Tuesday, March 29 at 11:00 a.m.

This is a free, virtual event.

The Museum will feature author Raquel Ramsey and Toni Kiser, the Museum’s Senior Registrar and Director of Collections Management, as they discuss a pioneer in American aviation, Nadine Ramsey.

Taking Flight: The Nadine Ramsey Story is a profile in courage of a woman who helped clear the flight path for today’s female combat and commercial aviators. Nadine’s inspiring story is of a girl from Depression-era Kansas who overcame tremendous challenges and defied convention to become an elite pilot—one of the few American women to fly fighter aircraft during World War II. Becoming one of 1,102 women to join the Women Airforce Service Pilots (WASPs) and one of only 303 WASPs to take to the skies in military cockpits, Nadine transported aircraft to bases across the nation for use in the theaters of war. Disbanded in late 1944 to make way for male pilots and barred from piloting for commercial airlines, the WASPs spent the next three decades fighting to win veteran status.

 Raquel Ramsey, a retired teacher, is the widow of Nadine Ramsey’s brother, Col. Edwin P. Ramsey, a decorated WWII veteran, and the executive producer of his documentary, Never Surrender: The Ed Ramsey Story.


Thursday, March 31 at 12:00 p.m.

This is a free, virtual event.

Lee Miller was an American photographer known for her work, both on the Home Front and the battlefield, during World War II. Miller captured photos showcasing different aspects of the war, including women contributing to the war effort, France after liberation and the concentration camps of Buchenwald and Dachau. The National WWII Museum is proud to host this program for K-12 students in collaboration with the Lee Miller Archives as Ami Bouhassane, Co-Director of the Lee Miller Archives and granddaughter of Lee Miller, leads this webinar exploring Miller’s work.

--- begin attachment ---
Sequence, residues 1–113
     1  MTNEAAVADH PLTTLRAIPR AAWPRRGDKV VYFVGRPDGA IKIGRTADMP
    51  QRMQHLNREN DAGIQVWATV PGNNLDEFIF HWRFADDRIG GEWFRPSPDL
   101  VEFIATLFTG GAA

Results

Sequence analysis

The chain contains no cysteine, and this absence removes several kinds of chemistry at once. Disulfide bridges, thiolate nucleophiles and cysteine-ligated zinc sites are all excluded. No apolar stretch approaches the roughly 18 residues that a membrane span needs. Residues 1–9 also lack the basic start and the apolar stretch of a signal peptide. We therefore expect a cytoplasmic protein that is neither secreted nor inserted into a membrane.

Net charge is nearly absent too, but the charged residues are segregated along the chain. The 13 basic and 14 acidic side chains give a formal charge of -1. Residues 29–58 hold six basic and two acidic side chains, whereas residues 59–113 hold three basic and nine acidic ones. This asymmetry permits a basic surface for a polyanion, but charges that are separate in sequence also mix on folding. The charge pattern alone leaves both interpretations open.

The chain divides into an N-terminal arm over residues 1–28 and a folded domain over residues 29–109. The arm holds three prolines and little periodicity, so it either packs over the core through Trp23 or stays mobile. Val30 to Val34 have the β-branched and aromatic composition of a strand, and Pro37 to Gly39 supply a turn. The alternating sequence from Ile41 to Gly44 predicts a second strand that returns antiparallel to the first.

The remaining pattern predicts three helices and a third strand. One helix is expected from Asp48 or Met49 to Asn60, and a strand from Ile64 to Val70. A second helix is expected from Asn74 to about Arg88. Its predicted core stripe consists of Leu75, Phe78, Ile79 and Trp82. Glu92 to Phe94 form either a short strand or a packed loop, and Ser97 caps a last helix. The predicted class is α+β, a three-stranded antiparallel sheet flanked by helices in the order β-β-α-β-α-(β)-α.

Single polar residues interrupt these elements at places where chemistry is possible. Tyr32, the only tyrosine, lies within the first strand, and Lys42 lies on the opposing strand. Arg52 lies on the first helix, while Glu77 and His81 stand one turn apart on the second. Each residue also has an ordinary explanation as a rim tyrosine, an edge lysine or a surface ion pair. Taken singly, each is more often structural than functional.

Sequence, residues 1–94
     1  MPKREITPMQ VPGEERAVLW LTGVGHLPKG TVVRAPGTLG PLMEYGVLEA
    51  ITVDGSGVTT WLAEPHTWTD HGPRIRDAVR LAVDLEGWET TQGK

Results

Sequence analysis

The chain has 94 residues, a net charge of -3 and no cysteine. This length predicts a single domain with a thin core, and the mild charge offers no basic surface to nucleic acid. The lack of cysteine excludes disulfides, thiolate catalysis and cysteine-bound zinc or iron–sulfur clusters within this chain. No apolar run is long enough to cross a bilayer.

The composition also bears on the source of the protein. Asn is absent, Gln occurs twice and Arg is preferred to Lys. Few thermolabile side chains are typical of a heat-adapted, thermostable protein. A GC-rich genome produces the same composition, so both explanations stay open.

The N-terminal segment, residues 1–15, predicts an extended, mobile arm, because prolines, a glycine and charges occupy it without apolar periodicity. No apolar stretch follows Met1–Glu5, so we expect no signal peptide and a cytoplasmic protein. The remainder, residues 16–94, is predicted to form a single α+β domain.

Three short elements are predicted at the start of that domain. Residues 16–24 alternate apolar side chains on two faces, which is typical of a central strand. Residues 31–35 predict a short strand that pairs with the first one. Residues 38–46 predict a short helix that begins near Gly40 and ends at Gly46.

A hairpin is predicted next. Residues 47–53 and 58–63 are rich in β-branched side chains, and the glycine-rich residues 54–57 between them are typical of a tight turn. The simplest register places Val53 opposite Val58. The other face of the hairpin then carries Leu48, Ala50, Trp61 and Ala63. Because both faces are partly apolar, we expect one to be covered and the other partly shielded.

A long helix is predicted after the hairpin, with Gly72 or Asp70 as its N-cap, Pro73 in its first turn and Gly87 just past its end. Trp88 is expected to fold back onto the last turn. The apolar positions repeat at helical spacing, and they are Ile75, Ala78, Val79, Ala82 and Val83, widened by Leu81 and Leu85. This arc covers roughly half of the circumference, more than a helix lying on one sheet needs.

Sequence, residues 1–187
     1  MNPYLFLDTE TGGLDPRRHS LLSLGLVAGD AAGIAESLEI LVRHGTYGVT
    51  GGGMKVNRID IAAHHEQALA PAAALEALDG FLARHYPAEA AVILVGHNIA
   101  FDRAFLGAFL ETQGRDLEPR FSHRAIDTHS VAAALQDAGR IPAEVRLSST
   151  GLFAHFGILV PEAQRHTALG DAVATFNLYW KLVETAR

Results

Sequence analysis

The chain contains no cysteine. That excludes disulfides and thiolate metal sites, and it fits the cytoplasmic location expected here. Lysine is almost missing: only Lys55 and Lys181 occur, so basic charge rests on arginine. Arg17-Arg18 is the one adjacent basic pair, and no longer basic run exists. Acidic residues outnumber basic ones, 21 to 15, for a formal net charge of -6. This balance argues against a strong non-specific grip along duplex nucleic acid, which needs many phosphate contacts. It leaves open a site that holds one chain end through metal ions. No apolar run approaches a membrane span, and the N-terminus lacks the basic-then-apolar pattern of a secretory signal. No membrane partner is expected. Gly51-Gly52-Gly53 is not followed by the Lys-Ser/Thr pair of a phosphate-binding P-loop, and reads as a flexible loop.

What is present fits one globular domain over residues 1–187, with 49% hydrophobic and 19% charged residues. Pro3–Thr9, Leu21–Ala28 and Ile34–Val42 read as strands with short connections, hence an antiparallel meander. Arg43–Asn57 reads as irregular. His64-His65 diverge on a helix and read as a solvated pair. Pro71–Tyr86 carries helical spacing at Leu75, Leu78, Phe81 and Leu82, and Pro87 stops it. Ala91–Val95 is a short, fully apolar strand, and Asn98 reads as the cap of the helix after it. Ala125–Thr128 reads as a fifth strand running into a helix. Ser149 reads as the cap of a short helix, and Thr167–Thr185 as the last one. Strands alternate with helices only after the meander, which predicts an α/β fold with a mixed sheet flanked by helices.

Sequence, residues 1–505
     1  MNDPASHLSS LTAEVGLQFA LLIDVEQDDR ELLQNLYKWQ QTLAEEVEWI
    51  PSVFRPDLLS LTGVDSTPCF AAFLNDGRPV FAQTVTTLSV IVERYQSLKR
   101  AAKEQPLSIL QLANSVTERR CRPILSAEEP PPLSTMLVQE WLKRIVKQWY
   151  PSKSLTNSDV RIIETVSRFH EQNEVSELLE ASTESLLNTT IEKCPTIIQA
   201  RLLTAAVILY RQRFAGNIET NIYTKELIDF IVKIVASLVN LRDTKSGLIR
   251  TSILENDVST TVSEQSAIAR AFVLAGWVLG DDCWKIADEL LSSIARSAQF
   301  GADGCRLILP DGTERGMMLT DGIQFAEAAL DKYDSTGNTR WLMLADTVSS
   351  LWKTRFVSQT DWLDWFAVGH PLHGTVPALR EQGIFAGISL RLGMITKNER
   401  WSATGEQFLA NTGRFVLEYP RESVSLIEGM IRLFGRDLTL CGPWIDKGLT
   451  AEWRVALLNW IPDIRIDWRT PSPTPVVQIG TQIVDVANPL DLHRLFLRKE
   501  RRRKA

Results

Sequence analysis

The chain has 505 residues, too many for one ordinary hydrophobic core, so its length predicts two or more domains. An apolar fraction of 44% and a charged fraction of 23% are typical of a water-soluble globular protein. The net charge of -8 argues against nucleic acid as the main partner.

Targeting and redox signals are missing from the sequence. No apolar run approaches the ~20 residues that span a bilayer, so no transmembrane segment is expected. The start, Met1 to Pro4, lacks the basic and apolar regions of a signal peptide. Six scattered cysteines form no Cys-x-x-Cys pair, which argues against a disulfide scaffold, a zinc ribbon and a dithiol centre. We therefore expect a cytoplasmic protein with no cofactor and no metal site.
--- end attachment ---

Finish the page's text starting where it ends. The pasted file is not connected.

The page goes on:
Per City of New Orleans requirements, proof of COVID-19 vaccination (two doses of a two-dose vaccine or a single dose of the Johnson & Johnson vaccine) or a negative COVID-19 PCR/antigen test (taken with 72 hours) is required for entry to all events (applicable to all guests 5 years of age and older) as well as the Museum’s food and beverage outlets (including American Sector Restaurant & Bar and Jeri Nims Soda Shop), BB’s Stage Door Canteen shows, private rentals, and indoor public events. For more information, please visit

The National WWII Museum tells the story of the American experience in the war that changed the world—why it was fought, how it was won, and what it means today—so that all generations will understand the price of freedom and be inspired by what they learn. Dedicated in 2000 as The National D-Day Museum and now designated by Congress as America’s National WWII Museum, the institution celebrates the American spirit, the teamwork, optimism, courage and sacrifices of the men and women who fought on the battlefront and served on the Home Front. For more information on TripAdvisor’s #1 New Orleans attraction, call 877-813-3329 or 504-528-1944 or visit